- The jobs report showed hiring absolutely tanked in April, despite lofty expectations. Closed schools were a huge reason for the miss.
- It’s tough to commit to a job when you don’t know if or when your child will be in school.
- Open the schools, now. It will be a shot of adrenaline for the economy.
- This is an opinion column. The thoughts expressed are those of the author.
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The US only added 266,000 jobs in April, a huge drop off from the 770,000 the government reported in March, and miles below the one million new jobs that economists had forecast.
Let the hand-wringing begin.
Some economists blamed the miss on unemployment benefits that are “too generous” and disincentivizing people to go back to work, particularly for low-wage jobs. Others pointed to the fact that despite vaccines being available to everyone over 16, COVID is still very much a problem in the US, and workers could have justifiable safety concerns.
But for millions of Americans, there’s a simple reason they’re not working.
It’s the closed schools, stupid.
Fake “open” schools
Occam’s Razor, in layman’s terms, is the principle which holds that the simplest explanation is probably the correct one.
The reason so many working parents – especially women – haven’t returned to the job market is because there is nowhere for their kids to go during the day.
But the simplest explanation for why parents of young children aren’t going back to work remains the most likely: about half of US schools have not fully reopened.
It’s been 15 months since schools first locked down. And particularly in Democratic-run cities with politically-powerful teachers unions, there remains no guarantee that schools will open for full-time, in-person instruction with actual teachers in the classroom by September 2021.
Occam’s Razor would say that’s a likely factor in why so many parents “choose” to not go back to work.
And there is data to back this up. According to recent Census Bureau surveys, caring for children who weren’t in school or daycare was the third most-frequent reason given for not being employed – over 6 million people cited this reason. A child at home trailed only being retired and being sick or disabled as a reason for unemployment.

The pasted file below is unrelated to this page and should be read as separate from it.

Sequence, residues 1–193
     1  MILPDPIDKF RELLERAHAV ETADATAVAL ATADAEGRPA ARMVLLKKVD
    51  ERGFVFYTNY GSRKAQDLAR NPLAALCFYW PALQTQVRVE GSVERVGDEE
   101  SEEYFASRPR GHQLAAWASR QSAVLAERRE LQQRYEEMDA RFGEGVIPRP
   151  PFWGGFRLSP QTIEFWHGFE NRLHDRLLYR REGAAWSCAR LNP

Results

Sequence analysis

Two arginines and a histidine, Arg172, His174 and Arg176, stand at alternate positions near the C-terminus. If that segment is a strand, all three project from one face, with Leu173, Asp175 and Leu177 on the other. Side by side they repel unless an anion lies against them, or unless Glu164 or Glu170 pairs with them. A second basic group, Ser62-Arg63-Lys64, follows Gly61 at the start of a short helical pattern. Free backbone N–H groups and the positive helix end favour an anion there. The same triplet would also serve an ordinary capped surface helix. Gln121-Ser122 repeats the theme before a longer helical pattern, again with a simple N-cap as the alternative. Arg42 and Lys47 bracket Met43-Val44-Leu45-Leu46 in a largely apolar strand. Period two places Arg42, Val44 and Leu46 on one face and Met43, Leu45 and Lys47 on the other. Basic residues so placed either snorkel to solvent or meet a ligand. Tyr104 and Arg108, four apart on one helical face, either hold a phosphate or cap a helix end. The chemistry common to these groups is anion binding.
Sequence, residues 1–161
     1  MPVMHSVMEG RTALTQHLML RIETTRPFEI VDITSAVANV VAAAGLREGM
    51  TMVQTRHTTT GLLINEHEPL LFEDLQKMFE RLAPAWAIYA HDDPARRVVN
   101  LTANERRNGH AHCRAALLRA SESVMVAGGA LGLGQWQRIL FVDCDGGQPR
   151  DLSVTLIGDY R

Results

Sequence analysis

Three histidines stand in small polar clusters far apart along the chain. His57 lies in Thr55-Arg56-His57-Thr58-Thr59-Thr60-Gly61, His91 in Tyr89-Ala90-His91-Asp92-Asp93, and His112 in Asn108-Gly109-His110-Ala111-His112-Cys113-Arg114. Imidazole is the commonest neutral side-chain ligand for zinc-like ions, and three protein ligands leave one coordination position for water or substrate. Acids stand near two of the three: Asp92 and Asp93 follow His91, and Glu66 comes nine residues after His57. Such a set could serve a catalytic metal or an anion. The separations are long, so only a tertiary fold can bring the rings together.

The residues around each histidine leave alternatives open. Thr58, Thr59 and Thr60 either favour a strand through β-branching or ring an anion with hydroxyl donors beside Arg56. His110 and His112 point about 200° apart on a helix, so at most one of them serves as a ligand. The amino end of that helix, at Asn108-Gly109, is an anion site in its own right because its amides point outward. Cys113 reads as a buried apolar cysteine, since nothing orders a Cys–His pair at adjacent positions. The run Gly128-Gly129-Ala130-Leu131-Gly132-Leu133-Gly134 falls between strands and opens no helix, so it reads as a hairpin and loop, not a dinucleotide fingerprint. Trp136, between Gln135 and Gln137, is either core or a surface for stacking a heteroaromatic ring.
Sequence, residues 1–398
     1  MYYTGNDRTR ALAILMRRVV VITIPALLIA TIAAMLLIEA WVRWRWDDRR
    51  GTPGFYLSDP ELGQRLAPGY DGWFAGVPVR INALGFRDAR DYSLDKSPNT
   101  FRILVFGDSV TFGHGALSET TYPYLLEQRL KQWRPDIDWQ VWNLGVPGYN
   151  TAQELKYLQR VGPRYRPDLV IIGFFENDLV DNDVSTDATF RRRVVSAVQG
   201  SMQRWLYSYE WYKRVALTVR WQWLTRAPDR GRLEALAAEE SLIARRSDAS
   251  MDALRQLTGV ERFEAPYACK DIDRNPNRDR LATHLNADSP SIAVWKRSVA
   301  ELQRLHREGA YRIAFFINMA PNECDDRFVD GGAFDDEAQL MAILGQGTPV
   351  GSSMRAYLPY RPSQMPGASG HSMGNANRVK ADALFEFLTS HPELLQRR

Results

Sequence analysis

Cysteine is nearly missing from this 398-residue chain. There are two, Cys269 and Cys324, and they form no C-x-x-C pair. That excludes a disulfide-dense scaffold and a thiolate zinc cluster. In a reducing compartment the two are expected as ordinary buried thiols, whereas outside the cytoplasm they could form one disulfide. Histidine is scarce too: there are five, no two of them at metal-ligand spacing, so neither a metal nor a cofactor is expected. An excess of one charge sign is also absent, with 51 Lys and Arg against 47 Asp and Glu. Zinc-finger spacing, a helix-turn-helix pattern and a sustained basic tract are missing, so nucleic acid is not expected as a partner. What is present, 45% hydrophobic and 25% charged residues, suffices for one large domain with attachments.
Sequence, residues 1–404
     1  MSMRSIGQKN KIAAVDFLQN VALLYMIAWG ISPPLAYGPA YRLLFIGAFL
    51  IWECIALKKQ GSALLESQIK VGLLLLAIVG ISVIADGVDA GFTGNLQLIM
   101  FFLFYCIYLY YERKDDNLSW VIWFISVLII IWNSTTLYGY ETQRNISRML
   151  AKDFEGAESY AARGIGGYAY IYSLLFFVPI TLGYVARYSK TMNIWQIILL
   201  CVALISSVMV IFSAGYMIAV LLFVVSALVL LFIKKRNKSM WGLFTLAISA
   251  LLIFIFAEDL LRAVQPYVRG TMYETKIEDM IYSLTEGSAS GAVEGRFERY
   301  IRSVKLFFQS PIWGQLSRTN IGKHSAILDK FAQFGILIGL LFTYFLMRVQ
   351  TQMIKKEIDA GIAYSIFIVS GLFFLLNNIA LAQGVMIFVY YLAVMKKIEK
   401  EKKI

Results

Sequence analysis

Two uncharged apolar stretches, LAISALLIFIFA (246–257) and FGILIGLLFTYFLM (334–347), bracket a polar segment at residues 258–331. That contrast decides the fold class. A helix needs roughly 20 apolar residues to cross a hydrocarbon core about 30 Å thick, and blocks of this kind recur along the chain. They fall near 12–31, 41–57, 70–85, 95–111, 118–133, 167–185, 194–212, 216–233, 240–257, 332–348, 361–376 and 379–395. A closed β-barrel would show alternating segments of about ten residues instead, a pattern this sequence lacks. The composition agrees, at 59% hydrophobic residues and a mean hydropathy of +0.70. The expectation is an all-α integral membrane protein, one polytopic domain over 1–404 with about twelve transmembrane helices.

Despite this, some education journalists have pointed to a recent survey by the National Center for Education Statistics as an indication that “most” schools are, in fact, already open.
This requires a very generous reading of the numbers.
US News and World Report wrote, “Nearly 90% of schools offered some type of in-person learning in March.”
Sounds great, right?
But then there’s this caveat: “…that could mean anything from being open full time, five days a week for all students to operating on a hybrid schedule where students receive in-person instruction only one or two days per week.”
It’s hard to hold down a full-time job when you’re not sure which days your child will be in a school building. The series of oft-delayed brief reopenings and sudden reclosings don’t help with life-planning, either.
“In-person instruction” in many cases – including my kids’ in New York City – means remote learning, just in a school building. Some have taken to calling it “Zoom in a room.”
There are no teachers in the classrooms, and students cannot speak to each other or move around. They just sit, staring at their screens.
Unsurprisingly, many parents and students have opted out of the ridiculous charade.
End the cruel gaslighting, open the schools now.
The elephant in the room is, of course, teachers unions.
The most powerful of them have been able to influence CDC guidelines, defiantly resist ones they don’t like, and continuously move the goalposts to fully reopen that the pandemic will almost certainly be over by the time they agree to come back to work.
We’ve known since last fall that schools were among the safest public spaces during the pandemic. In areas where schools remained open – mostly in red states – there was no evidence schools were COVID hot spots. The same goes for private schools that stayed open in blue states – with basic safety precautions, teachers and students were at very little risk.
Now that vaccinations are widely available to all adults – and may be available to children within a matter of months – what was once indefensible is now unconscionable.
It’s also in direct opposition to the best interests of the public.
No one in their right mind wants the economy to recover from its pandemic-beating any slower than it has to. But people need to get back to work to make that happen.
Fully reopening schools, immediately, would provide a shot of adrenaline to the economy, as parents could freely pursue employment without feeling as though they’re abandoning their kids.
And then there’s the public benefit of a generation of students resuming their education and socialization – as well as freeing them from the primary cause of a youth mental health crisis.
Let working parents get back to work. Don’t force children to suffer needlessly for another single day. End the endless gaslighting.
Open the schools now.